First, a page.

I am drowning. I’m drowning in an ocean full of meetings, events and offers – and I don’t even need to leave the house for all of them. They are taking place online. And this can be a huge problem for people like me.


Hello, it is Kim again; Kim the ADHDer. I wrote an article once about all the things running through my head, which are outcomes of my symptoms (unfortunately in German). Today I am here again. I am here again to introduce you to my ADHD World.

But first, I have to (re)introduce myself: I am Kim, a woman who got diagnosed with ADHD a few years ago. I grew up not knowing why I am like this. Like this means a lot of things: procrastination (including ‘fun things’), being too loud and too embarrassing amongst people, forgetting and losing things, having to read a page in a book several times (happens every second page)… I grew up thinking that I’m just stupid and lazy, and also with being ashamed of all my thoughts and actions and actually my whole self. This lead to a depression, I have been fighting since I was 16 (and searching for help for my ongoing depressive episodes lead to my diagnosis; an ADHD story which is often experienced by women – for further information read this very recommendable article).

From the moment I got diagnosed, things got better. I’m now in a process of understanding myself and treating my symptoms in the right way. It is hard work and full of setbacks. And this semester I had a really hard one.

Unsurprisingly, it has to do with the Corona Crisis.

Social Distancing and Cancelling tried its best to get me into another depressive episode. The Lockdown hit me harder, than I thought it would. But the thing I was most afraid of wasn’t the unplanned entering of my dark side – it is Online-University.

Putting a person with AD(H)D in an online class and demanding concentration and interest can be compared to putting an alcoholic in a liquor store and saying “only one bottle a week!”. So many possibilities, to get distracted. And I promise you: most of the time, I will get distracted, I have no chance against my brain.  But let me explain this a bit more neuroscientific:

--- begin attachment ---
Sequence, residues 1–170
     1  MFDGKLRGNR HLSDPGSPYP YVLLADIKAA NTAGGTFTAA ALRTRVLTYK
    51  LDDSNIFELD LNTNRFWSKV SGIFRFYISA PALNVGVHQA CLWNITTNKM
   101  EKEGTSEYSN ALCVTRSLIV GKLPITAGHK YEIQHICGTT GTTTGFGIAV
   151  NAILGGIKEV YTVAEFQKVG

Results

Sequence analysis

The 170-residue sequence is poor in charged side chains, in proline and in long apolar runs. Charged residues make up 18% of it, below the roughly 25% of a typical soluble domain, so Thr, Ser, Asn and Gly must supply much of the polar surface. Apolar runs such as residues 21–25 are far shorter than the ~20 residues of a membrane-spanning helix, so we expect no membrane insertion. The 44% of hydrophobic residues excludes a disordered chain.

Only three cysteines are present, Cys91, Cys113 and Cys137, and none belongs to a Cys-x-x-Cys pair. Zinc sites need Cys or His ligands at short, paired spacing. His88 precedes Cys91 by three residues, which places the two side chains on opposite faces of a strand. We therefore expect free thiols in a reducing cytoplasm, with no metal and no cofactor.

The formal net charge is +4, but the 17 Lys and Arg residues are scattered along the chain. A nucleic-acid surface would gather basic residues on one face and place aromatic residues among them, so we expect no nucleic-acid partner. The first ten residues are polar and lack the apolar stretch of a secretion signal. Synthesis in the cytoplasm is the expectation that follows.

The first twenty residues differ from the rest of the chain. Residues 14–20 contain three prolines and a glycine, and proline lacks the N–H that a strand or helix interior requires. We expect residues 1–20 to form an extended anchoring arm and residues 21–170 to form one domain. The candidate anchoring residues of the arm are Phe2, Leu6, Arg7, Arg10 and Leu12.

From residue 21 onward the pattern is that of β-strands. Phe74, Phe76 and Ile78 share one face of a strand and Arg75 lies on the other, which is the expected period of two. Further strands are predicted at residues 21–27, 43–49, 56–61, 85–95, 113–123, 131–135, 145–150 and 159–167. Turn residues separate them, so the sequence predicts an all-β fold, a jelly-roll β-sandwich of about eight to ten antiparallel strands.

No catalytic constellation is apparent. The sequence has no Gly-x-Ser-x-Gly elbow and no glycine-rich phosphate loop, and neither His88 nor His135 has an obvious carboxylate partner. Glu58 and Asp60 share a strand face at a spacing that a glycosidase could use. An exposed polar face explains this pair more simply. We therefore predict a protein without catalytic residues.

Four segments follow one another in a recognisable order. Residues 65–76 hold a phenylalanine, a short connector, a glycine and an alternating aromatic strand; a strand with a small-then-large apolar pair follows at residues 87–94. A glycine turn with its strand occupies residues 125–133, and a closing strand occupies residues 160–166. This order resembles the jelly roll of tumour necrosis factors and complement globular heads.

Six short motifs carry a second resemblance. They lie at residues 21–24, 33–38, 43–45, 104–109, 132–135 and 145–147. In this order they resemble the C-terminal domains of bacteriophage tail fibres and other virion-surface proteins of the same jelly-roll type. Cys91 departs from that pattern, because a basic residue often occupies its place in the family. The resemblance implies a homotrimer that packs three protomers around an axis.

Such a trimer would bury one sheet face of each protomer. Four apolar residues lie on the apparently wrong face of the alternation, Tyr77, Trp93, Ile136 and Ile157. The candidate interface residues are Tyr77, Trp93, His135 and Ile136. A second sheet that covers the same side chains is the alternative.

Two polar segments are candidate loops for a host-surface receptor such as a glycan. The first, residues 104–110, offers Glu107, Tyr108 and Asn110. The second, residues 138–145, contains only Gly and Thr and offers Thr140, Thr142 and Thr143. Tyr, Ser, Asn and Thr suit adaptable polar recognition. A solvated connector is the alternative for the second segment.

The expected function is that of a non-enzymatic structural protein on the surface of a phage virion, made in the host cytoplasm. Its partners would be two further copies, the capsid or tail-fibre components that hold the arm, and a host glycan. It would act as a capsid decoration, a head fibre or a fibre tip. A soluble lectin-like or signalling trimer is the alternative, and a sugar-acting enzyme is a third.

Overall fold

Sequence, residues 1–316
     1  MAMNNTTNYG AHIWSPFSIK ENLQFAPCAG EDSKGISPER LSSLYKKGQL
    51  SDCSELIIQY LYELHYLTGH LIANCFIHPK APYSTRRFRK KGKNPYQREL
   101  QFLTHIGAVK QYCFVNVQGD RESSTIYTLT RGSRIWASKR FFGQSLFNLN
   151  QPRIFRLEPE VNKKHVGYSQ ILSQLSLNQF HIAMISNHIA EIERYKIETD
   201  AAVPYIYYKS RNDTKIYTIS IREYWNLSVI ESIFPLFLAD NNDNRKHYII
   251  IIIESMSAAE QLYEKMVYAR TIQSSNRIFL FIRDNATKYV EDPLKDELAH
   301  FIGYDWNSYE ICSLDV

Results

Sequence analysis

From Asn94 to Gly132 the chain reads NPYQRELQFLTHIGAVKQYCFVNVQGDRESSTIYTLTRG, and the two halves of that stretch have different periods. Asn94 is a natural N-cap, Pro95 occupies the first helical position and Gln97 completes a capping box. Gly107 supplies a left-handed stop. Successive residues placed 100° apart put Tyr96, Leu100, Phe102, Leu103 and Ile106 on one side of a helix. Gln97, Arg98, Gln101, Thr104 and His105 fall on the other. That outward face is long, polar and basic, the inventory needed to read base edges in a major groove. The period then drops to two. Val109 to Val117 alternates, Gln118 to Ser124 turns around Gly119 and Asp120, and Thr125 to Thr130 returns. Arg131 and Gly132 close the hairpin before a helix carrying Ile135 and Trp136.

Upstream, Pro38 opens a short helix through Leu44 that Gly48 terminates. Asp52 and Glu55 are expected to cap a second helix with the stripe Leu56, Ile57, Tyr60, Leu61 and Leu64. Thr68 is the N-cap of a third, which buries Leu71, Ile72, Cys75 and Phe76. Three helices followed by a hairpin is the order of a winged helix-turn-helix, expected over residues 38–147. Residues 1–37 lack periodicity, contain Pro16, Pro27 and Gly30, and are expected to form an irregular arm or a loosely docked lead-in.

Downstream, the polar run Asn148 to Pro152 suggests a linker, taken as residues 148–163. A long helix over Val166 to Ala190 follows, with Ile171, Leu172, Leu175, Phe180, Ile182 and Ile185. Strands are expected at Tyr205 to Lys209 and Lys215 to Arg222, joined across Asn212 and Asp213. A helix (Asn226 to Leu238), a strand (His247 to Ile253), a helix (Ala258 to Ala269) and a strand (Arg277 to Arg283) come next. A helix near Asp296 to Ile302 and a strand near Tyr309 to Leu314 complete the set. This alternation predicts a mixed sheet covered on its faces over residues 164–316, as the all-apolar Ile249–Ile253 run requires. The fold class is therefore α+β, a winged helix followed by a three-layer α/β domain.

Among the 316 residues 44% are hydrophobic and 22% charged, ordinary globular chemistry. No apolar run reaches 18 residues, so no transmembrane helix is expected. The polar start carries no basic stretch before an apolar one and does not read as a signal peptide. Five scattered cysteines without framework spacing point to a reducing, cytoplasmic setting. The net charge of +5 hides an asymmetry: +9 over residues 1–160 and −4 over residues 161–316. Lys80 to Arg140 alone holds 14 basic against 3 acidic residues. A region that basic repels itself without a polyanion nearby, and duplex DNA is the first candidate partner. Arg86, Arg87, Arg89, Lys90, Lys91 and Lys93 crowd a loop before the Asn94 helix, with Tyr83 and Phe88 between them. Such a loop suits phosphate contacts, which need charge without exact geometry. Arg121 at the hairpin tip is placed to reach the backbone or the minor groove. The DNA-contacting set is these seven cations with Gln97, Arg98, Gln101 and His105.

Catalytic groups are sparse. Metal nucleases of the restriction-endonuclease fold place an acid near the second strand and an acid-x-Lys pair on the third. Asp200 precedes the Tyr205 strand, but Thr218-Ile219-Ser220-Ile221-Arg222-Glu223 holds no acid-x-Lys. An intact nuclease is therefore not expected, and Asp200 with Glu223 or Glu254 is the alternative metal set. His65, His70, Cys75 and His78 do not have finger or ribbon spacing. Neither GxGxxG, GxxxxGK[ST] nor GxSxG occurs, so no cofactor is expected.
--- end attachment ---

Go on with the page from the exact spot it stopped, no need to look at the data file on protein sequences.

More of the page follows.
My brain has very low levels of norepinephrine, which is linked with dopamine. Norepinphine is responsible for alertness, arousal and readiness for action; dopamine helps control the reward and pleasure center. This is impairing activity in four functional regions in my brain: The frontal cortex (which controls functions like motivation), the limbic system (which regulates emotions and attention), the Basal Ganglia and the Reticular Activating System (which leads to impulsivity, inattention and hyperactivity). For further information you can have a look at this section in the ADDitudemag.

Long story short: My ADHD means a lot of irregulated stuff in my head, which makes paying attention, being organised and following only one task pretty hard sometimes.

I had pretty good working strategies, which were built around my symptoms and made coping with University a lot easier. But online, these strategies don’t work anymore. I even forgot to attend classes, because I don’t have to change the location. The way to University calmed my symptoms down a bit, so I could follow the classes way better, but this is not possible anymore. My procrastination, which I was controlling better and better, reported itself back.

I’m trying to find out new strategies, but when they will finally work, University will not take place online anymore (hopefully). I’m trying my best with studying. I’m trying my best to learn and not only chase ECTS, just because I’m afraid of leaving University without a bachelor’s degree. But sometimes my dark side asks me: Why don’t you just do it like last semester? Why are you like this? C’mon! You know it way better!

And I have to remind myself that it’s just ADHD (and depression) and I’m not that lazy little woman, like I was told so many times.

For people like me, an optional semester would have been a huge relief. But that didn’t happen. Luckily, I have the privilege of still being able to work and having, more or less, financial safety. But that’s only my situation. There are a lot of people with AD(H)D out there, who are struggling way more. I think about them every day.


By Anonymous


We hope you understand the struggles of  your fellow students with AD(H)D a bit better now and we wanted to add a little wish from Kim: If you’re an AD(H)Der and you want to share your experiences with studying (online), you can send us an e-Mail or a message via Facebook or Instagram. Of course Kim and all other members of the editing team will be carefully with your information and you can be 100 % sure we won’t judge you!